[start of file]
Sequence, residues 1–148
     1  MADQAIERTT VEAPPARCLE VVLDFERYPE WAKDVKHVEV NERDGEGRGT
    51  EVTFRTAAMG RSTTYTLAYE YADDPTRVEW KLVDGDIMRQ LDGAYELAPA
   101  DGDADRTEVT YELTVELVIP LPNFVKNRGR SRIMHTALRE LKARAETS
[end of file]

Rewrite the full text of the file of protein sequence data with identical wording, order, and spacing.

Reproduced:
Sequence, residues 1–148
     1  MADQAIERTT VEAPPARCLE VVLDFERYPE WAKDVKHVEV NERDGEGRGT
    51  EVTFRTAAMG RSTTYTLAYE YADDPTRVEW KLVDGDIMRQ LDGAYELAPA
   101  DGDADRTEVT YELTVELVIP LPNFVKNRGR SRIMHTALRE LKARAETS